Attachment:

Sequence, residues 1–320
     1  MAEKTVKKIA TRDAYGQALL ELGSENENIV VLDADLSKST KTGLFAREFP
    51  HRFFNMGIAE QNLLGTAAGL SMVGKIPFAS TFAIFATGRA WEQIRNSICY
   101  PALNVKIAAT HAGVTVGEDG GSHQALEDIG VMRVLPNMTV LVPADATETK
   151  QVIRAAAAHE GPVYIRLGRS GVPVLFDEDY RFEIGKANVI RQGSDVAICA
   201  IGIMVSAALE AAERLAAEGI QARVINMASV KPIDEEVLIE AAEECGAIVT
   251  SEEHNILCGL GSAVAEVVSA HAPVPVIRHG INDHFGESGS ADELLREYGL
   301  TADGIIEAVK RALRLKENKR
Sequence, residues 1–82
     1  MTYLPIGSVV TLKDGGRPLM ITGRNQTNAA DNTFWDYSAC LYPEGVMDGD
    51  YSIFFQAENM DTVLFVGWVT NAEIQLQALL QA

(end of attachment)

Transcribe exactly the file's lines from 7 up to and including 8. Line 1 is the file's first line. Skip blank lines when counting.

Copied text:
   251  SEEHNILCGL GSAVAEVVSA HAPVPVIRHG INDHFGESGS ADELLREYGL
   301  TADGIIEAVK RALRLKENKR